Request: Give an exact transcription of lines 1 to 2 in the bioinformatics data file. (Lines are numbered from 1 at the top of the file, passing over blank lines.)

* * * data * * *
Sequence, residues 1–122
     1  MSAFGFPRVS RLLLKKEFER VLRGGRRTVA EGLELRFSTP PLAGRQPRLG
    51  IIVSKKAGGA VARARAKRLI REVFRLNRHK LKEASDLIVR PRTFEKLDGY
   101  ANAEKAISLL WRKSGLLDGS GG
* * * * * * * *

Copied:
Sequence, residues 1–122
     1  MSAFGFPRVS RLLLKKEFER VLRGGRRTVA EGLELRFSTP PLAGRQPRLG